• Regularly check for damage and discontinuing using it if you see any of the following –
    • Fraying fabric
    • Scorch marks
    • Exposed elements
    • Creasing or folding
    • Damp patches
    • Tie tapes damaged or missing
    • Worn flex
    • Loose connections.


You should arrange for a qualified electrician to safety test an electric blanket for you at least every three years.

Why do older adults feel the cold?

As we age our skin becomes thinner, and we lose some of the fat beneath the skin. This makes it harder to retain heat in the body. Our metabolic rate – the number of calories we need to function, decreases too. This can mean that some older people aren’t able to create enough body heat to stay at a healthy temperature.

Staying well 

Contagious illnesses such as colds and flu are more common during colder times of the year, and are often more debilitating for older adults. Our immune systems become a little less effective as we age, so it can take longer to recover, and could develop into chest or sinus infections.

The best way to stay healthy is prevention. Everyone age 65 and over can get a free flu vaccine from a GP or local pharmacy. Flu can be really unpleasant, so it’s a good idea to get the jab even if you or your loved one are generally fit and healthy. You can even get your seasonal flu jab while doing the weekly food shop, with Tesco and Asda now offering them at their larger stores.

It’s also important to keep your and your loved ones home well stocked with everything they need to stay well and prevent infection. Ensuring prescriptions aren’t running low, and keeping plenty of tissues, hand sanitiser and antibacterial sprays around the home can bring peace of mind, especially if the weather turns and it’s not as easy to get out and about.

If you take regular medication, you may want to ask your GP about setting up repeat dispensing. This means you can pick up your medication directly from the pharmacy each time you need it, rather than ordering a repeat prescription from your GP first. Some pharmacies also offer a home delivery service to people who find it tricky to get out and about. 

older man taking medication at home to stay well in winter

Protecting against falls

Fallen leaves and wet or icy pavements and paths are dangerous for everyone. However for older people who may be unsteady on their feet, and more prone to bone fractures they pose a serious risk. Older bones can also take longer to heal, and this recovery process can take its toll on both physical and mental wellbeing.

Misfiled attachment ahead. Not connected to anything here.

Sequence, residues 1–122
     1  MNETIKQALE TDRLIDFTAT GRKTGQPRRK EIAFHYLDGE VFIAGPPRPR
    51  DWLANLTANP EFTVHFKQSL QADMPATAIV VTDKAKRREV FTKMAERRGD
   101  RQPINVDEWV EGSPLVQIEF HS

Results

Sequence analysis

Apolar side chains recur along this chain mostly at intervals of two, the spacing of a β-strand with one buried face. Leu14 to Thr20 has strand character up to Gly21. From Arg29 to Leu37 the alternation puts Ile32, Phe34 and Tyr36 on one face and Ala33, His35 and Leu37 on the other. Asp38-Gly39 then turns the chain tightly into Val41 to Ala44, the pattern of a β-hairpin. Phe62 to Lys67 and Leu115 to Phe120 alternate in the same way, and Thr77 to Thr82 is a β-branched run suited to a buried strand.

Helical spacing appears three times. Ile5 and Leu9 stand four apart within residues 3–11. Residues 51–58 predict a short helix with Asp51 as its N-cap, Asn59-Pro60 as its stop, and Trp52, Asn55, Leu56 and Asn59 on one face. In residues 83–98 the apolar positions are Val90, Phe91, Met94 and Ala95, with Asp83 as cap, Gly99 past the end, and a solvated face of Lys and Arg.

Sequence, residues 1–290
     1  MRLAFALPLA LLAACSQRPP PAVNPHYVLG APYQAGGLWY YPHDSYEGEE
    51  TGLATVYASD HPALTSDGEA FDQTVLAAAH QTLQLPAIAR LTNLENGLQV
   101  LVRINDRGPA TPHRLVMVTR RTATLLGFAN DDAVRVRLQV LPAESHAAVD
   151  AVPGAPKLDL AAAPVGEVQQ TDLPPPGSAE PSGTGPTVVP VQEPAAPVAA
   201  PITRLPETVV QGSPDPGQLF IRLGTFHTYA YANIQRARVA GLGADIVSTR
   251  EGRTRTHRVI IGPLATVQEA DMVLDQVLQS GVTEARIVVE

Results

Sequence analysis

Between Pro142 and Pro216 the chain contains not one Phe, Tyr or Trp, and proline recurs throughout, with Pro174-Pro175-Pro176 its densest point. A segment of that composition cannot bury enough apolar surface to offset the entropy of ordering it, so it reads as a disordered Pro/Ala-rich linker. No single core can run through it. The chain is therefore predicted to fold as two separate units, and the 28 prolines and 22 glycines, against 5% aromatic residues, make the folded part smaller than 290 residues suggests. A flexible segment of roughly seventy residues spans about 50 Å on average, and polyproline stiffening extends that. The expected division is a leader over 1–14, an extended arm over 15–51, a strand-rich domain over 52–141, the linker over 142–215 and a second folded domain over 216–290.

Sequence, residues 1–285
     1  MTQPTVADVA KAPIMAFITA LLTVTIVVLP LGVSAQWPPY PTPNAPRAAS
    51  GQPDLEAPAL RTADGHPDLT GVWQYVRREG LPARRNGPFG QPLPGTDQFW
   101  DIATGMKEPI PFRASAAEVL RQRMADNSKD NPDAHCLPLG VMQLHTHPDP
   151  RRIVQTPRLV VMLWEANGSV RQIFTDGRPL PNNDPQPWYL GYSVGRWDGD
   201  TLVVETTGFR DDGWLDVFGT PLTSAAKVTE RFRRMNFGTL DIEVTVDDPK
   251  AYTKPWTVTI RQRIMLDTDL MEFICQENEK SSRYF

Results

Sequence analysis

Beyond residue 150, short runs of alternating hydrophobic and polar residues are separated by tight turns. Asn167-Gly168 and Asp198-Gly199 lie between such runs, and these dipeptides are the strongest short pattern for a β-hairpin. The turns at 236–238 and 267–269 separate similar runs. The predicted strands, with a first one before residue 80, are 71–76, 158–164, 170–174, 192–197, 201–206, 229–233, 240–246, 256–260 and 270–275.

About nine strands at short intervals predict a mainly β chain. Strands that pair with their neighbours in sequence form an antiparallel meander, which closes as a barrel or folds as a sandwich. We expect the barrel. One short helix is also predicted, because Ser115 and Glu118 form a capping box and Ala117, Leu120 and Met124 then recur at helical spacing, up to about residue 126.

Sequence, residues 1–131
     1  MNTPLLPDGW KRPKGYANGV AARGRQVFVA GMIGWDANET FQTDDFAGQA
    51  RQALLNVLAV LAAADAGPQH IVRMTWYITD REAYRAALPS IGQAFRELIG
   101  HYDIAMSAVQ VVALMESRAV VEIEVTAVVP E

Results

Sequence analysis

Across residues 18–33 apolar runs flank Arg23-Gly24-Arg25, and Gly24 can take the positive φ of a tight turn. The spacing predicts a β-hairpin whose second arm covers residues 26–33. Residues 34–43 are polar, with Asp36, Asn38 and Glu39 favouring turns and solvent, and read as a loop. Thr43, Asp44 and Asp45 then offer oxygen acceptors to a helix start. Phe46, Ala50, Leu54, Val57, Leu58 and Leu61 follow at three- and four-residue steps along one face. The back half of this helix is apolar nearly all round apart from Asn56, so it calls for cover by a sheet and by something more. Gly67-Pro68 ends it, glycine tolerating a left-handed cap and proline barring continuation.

If you’re unable to clear leaves or grit paths yourself, a neighbour may be able to help. Alternatively sites like Trust a Trader or Taskrabbit can connect you to local handyman services or gardeners to suit all kinds of budgets.

Colder weather can also cause arthritis flare ups and make joint pain worse. Experts aren’t 100 percent sure why this happens, but it’s thought a drop in air pressure can cause joints to expand – leading to pain. Low temperatures can also thicken the natural shock-absorbing layer in the joints, which can make them stiff.

Making an effort to stay active can help keep joints comfortable and reduce the risk of accidents. Even gentle chair based exercises can support mobility and balance.

It’s also a good idea to organise an eye test at this time of year too, as with shorter days comes lower visibility. If you or your loved one drives, you may want to consider using public transport or taxis when travelling in dark or rainy conditions.

Preventing loneliness 

Half of people over the age of 75 live alone, and when the weather gets colder, wetter and generally a bit more miserable, leaving the house can become more difficult. This increases their risk of feeling isolated from friends and loved ones.

Small acts of companionship make all the difference – from a cup or tea and a chat, to picking up shopping can lift a person’s mood and help to protect them from loneliness induced depression.

Befriending services can help too – connecting older people to volunteer companions either over the phone, or in person. 


Do you have any top tips for staying safe and enjoying Autumn? Head over to our Facebook page and let us know.